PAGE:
(ZENIT News / Vatican City, 10.08.2023).- At noon on Sunday, October 8th, Pope Francis prayed the Angelus from the window of the pontifical apartment with around 25,000 people gathered in St. Peter’s Square. Before the Marian prayer, the Pope delivered the address below. At the end of the Angelus, the Pope called for peace in the situation in the Holy Land. We provide the translation of the Pope’s address below:
Today, the Gospel presents us with a dramatic parable that has a sad ending (cf. Mt 21:33-43). A landowner planted a vineyard and took good care of it. Then, needing to go away, he entrusted it to some tenants. When vintage time drew near, he sent his servants to collect his harvest. But the tenants maltreated and killed them. So, the owner sent his son, and those tenants even killed him. How come? What went wrong? There is a message of Jesus in this parable.
The landowner did everything well, with love. He himself toiled to plant the vineyard; he surrounded it with a fence to protect it; dug a winepress, and built a watchtower (cf. v. 33). Then he entrusted his vineyard to some tenants, leasing his prized possession to them, thus treating them on an equal plane, so that his vineyard might be well cultivated and might bear fruit. Given these circumstances, the harvest should have come to a happy end, in a festive atmosphere, with a fair division of the produce to everyone’s satisfaction.
Instead, ungrateful and greedy thoughts insinuated themselves into the minds of the tenants. You see, at the root of conflicts there is always some ungratefulness and greedy sentiments to quickly take possession of things. “We do not need to give anything to the owner. The product of our work belongs to us alone. We need not give an account to anyone!” This is the discourse these labourers make. And this is not true: they should be grateful for what they received and for how they had been treated. Instead, ingratitude gave rise to greed and a progressive sense of rebellion grew within them, which led them to see the situation in a distorted way, to feel that the owner was in their debt rather than that they were in debt to the owner who had given them work. When they saw the son, they end up saying: “This is the heir. Come, let us kill him and have his inheritance!” (v. 38). And from being tenants, they become assassins. It is a whole process. And many times, this process takes place in the hearts of people, even in our hearts.
With this parable, Jesus reminds us what happens when a person deceives him/herself into thinking that he or she does things on their own, and they forget to be grateful, they forget the real basis of life: that good comes from the grace of God, that good comes from his free gift. When someone forgets this gratitude to God, he or she ends up no longer facing their own situation and their own limits with the joy of feeling loved and saved, but with the sad illusion of needing neither love nor salvation. That person stops letting him/herself be loved and finds him/herself a prisoner of their own greed, a prisoner to the need to have more than others, of the desire to stand out over others. This process is ugly, and many times it happens to us. Let us think seriously about this. This in turn gives rise to many dissatisfactions and recriminations, so many misunderstandings and so many feelings of envy; and, driven by resentment, the person can fall headlong into a spiral of violence. Yes, dear brothers and sisters, ungratefulness generates violence, it takes peace away, and makes us feel and yell when we speak, without peace, while a simple “thank you” can bring back peace!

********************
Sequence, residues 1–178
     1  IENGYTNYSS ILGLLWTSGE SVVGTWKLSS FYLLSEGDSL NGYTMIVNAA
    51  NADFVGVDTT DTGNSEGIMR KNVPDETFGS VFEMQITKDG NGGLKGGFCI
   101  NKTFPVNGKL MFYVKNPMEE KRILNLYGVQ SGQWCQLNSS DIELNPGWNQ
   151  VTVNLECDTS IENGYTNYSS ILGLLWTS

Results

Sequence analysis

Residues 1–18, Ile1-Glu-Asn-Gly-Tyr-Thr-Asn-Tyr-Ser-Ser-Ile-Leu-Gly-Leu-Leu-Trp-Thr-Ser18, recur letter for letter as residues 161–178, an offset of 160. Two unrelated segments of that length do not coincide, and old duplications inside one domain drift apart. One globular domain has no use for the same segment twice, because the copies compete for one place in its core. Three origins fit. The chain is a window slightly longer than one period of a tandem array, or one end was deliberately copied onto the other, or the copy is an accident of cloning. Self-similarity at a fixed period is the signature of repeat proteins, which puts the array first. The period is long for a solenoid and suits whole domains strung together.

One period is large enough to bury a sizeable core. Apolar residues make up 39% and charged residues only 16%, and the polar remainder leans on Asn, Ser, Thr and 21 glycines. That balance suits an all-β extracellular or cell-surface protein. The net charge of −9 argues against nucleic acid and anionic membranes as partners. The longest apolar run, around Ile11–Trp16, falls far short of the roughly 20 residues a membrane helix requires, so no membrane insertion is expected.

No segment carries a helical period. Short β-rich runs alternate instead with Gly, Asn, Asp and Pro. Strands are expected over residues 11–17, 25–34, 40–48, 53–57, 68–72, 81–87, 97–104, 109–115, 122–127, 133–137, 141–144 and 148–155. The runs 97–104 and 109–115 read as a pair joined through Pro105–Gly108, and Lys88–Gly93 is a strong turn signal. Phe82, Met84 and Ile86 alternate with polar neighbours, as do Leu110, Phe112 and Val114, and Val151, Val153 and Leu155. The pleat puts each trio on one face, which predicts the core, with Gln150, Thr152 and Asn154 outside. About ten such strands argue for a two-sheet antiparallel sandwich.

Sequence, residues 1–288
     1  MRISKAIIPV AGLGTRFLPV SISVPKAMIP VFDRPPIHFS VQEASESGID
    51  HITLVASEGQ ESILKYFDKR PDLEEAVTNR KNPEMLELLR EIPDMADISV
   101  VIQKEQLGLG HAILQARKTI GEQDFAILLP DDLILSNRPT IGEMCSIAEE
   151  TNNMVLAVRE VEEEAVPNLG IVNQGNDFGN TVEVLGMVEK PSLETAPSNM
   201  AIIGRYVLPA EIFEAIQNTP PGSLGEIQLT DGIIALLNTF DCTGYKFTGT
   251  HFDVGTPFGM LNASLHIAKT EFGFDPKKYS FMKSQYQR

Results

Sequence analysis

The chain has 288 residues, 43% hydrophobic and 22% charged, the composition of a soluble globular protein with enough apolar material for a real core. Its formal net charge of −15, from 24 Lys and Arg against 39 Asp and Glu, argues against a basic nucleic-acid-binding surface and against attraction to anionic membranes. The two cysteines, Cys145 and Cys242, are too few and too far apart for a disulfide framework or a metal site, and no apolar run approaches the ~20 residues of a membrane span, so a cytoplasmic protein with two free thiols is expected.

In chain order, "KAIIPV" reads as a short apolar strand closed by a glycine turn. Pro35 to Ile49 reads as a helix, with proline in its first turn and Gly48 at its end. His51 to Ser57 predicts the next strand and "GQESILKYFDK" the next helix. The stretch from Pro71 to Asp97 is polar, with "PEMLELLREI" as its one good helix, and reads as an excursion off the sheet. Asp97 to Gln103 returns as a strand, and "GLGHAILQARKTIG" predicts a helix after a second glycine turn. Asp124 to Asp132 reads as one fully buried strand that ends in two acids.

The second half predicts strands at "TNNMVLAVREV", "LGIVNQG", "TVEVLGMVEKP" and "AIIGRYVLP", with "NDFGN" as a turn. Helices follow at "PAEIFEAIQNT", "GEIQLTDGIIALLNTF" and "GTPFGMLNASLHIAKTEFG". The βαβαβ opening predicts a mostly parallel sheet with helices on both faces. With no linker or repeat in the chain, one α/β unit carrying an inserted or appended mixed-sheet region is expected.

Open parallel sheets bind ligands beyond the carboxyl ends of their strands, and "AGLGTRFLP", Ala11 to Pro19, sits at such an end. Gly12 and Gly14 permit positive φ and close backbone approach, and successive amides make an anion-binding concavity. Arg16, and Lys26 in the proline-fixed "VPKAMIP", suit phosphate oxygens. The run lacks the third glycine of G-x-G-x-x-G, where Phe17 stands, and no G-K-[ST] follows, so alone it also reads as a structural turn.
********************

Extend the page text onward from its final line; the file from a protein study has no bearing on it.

So, let us ask ourselves: Am I aware that life and the faith are gifts I have received. Am I aware that I myself am a gift? Do I believe that everything comes from the grace of the Lord? Do I understand that, without merit, I am the beneficiary of these things, that I am loved and saved gratuitously? And above all, in response to grace, do I know how to say “thank you”? Do I know how to say “thanks”? The three phrases that are the secret of human coexistence: thanks, please, I’m sorry. Do I know how to say these three things? Thanks, please, I’m sorry, excuse me. Do I know how to pronounce these three phrases? It is a small word, “thanks” – “please” is a small word, two small words to ask for forgiveness, “I’m sorry” – is what God and our brothers and sisters expect every day. Let us ask ourselves if these small words, “thanks”, “please”, “pardon me, I’m sorry”, are present in our lives. Do I know to thank, to say “thanks”? Do I know how to excuse myself, to ask for forgiveness? Do I know how not to be invasive – “please”? Thank you, I’m sorry, please.
May Mary, whose soul glorifies the Lord, help us make gratitude the light that dawns daily in our hearts.